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I've been a photographer since 2007, but never owned my own dye sublimation printer until March 2012 - I knew all about them, but until I decided to try my hand at on site printing for events, I'd never really needed one. To help me decide if this would be a worthwhile business venture I decided to start off with a small, consumer level dye sub and plumped for this one by Canon.
So what is a dye sublimation printer?
Essentially you have sheets (or sometimes rolls) of photographic paper like you would with a normal printer, but the ink works differently - instead of squirting different coloured inks onto the paper from chambers, the ink for dye sublimations comes in a roller type format. In here are 3 different colours laid in repetition, one next to the other which are then layered up in succession for each image. In theory this gives better quality and colour than you would get from a conventional ink jet.
How do I use it?
The good thing, and what was quite a critical point for me, is that you don't need to use a computer to print from this - there is a small LCD screen and a full compliment of different card slots to enable you to print direct.
If you do want to use your computer it comes with easy to understand, and load, software. I've used it on numerous occasions when I wanted to print something from my computers hard drive and it was easier to hook it up this way rather than copy onto a memory card first. The software is accompanied by a woman with annoying American accent speaking to you, so I just stick my laptop on mute!
When using as a stand along product I found it quick, simple and easy to use - the instruction book was straight forward at showing you how to set up for the first time (where to put the paper tray, loading the ink etc.) There are a limited number of buttons/controls so there isn't too far you can go wrong. The LCD is very small when looking at thumbnails, so good eyesight is a bonus from this perspective.
Of course electricity is a requirement and the printer comes complete with a mains cable. There is however the option to run this via a specific lithium ion battery. This is an option I looked into but the battery cost was around £70 which I thought was a lot of money in relation to the product cost, and the number of prints it would do per charge was rather low. I did however plan to use this printer outdoors so I went another route and bought a device that allowed me to hook it up to my car battery and run it from there - perfect!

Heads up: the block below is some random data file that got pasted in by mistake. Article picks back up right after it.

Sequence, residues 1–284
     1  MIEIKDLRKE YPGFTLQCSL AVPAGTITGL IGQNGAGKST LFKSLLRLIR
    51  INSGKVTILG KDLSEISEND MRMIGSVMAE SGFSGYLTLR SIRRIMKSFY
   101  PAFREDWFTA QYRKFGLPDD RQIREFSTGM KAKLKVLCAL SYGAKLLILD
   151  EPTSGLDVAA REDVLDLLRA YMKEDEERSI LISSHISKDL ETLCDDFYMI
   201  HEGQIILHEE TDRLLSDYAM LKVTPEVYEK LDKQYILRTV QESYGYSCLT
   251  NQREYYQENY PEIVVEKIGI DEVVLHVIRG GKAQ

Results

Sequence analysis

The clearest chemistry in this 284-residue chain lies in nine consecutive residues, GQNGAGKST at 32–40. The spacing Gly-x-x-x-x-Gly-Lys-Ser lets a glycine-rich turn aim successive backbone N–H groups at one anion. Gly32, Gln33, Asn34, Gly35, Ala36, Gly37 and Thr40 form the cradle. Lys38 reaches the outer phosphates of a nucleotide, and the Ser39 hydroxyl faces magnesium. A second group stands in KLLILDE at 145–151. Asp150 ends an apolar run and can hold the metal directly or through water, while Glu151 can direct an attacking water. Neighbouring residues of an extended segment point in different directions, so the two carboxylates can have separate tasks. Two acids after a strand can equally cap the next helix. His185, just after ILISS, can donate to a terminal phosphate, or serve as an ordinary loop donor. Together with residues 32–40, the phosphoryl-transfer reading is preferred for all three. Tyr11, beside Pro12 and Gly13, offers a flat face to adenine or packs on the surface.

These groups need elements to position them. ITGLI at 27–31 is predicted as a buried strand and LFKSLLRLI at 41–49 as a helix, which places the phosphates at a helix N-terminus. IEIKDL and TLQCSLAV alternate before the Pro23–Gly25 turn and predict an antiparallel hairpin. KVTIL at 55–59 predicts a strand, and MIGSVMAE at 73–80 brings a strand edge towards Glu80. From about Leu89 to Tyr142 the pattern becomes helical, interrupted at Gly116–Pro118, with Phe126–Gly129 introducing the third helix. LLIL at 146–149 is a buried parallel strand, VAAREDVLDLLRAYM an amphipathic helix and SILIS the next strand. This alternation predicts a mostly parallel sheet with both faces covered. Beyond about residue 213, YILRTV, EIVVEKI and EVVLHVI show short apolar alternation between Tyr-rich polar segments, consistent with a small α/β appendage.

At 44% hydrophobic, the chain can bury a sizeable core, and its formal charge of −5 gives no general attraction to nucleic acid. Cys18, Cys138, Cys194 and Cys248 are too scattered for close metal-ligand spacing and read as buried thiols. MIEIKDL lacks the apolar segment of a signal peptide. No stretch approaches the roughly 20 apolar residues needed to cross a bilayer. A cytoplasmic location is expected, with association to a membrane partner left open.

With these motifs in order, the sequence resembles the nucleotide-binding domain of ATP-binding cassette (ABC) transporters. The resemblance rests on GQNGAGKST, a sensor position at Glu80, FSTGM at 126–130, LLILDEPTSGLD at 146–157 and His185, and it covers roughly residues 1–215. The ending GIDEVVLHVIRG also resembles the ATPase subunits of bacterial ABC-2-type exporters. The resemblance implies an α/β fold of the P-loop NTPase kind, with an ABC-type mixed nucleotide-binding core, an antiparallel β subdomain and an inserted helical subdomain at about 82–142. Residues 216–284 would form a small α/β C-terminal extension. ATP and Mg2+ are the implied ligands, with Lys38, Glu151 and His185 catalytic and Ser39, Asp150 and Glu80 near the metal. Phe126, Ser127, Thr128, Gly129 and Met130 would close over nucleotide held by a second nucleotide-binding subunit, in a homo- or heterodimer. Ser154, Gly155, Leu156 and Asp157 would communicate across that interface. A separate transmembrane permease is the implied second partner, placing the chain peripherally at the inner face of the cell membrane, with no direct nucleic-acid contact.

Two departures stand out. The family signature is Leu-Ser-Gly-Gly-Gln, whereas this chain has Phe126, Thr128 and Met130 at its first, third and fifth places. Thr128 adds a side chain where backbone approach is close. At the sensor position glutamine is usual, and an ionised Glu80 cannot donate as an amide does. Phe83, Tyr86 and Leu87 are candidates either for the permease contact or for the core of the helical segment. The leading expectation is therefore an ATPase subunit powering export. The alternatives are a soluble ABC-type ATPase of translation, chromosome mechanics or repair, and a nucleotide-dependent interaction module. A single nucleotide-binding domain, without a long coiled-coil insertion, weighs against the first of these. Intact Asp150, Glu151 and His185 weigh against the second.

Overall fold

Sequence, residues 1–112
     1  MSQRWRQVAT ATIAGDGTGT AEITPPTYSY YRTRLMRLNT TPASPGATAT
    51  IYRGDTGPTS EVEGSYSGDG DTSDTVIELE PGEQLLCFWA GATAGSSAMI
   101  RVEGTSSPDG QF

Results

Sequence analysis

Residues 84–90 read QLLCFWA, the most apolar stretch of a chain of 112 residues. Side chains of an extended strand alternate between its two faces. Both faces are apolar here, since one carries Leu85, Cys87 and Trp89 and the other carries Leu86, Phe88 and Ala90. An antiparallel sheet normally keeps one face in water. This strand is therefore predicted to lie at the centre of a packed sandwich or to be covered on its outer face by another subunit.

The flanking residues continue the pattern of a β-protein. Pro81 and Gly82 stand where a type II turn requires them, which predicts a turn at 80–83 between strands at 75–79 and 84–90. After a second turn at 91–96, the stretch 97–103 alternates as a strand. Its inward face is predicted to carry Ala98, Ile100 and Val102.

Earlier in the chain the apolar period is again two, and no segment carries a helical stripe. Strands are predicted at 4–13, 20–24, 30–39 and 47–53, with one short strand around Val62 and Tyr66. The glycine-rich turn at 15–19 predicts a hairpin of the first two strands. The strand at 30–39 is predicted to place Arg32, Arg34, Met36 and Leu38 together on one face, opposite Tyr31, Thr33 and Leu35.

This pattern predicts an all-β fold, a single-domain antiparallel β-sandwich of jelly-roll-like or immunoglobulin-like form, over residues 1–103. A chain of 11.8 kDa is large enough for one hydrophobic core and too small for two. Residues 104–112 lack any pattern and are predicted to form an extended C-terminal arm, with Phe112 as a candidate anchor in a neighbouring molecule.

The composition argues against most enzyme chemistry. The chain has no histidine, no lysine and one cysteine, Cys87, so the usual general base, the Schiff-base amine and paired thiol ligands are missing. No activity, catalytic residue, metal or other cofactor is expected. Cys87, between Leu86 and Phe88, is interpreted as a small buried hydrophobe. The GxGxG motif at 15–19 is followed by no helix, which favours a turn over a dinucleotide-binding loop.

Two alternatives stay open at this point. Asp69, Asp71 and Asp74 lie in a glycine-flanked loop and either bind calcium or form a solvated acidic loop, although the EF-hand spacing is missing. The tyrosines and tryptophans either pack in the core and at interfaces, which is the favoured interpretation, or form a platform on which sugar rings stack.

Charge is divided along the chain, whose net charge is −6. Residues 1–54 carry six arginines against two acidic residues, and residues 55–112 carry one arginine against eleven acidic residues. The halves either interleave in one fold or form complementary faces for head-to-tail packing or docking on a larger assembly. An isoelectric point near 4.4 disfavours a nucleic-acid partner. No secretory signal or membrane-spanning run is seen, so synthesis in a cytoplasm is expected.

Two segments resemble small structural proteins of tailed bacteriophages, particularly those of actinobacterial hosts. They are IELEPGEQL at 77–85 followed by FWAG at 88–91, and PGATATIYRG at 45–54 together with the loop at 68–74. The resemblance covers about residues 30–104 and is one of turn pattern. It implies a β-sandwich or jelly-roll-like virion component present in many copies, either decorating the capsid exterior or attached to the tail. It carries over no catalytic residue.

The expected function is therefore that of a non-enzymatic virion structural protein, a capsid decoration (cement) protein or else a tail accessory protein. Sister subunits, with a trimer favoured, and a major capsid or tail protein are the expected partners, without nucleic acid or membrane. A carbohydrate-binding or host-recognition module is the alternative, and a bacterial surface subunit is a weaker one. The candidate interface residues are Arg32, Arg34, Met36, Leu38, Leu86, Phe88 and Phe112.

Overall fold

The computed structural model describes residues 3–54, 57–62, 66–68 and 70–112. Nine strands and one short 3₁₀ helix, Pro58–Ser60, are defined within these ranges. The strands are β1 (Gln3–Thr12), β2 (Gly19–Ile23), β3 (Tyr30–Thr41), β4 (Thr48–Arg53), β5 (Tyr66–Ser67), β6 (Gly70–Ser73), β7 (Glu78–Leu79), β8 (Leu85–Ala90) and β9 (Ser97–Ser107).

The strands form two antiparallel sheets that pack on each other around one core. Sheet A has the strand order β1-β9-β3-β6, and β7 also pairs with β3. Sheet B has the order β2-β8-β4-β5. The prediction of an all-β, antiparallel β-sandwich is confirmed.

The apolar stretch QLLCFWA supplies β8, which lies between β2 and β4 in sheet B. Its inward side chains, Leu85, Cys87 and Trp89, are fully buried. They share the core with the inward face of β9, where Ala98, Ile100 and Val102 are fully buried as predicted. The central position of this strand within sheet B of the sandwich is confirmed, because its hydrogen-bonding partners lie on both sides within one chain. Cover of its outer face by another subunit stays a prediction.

What sizes can I print?
This is fairly restrictive in the sense that you can only print up to 6x4 size images, although to be fair most people only print bigger than this on an occasional basis. You can choose to print smaller but the paper is only available in a 6x4 size, so to get smaller images you print multiples per sheet then cut them out. It is capable of going as small as keyring size. If you choose a smaller size eg. 4 per page, it will be 4 of the same image - this machine doesn't seem capable of printing different images on the same page except in the instance of what is termed as a 'contact sheet' (thumb nails with the file name printed below each image).
Is the quality any good?
I'd have to say yes - of course it's not the best I've ever seen, but it can certainly hold its own against prints you get done from any standard printers. Colour, definition and contrast are all pleasing to the eye and pretty accurate looking.
My only problem here would be that the printer does seem incredibly prone to attracting even the tiniest bit of crud and dragging it through with the paper which results in funny coloured score marks across the image. I think this is partially because as the ink is laid onto the paper then shot out of the back and front of the printer multiple times, but this 'area' is located at the base of the machine meaning the paper sort of scrapes along whatever surface the printer is placed on so anything lying on said surface stands a chance of being flicked on top of the paper. As such you need to ruthless about making sure your surface is very clean before use. That said even when I'm very careful about packing everything away in the box and being very clean, the first print of each use usually seems to suffer from some sort of 'scratch' marking, so I'd have to say that it seems like a bit of a design flaw and does of course lead to wasting money.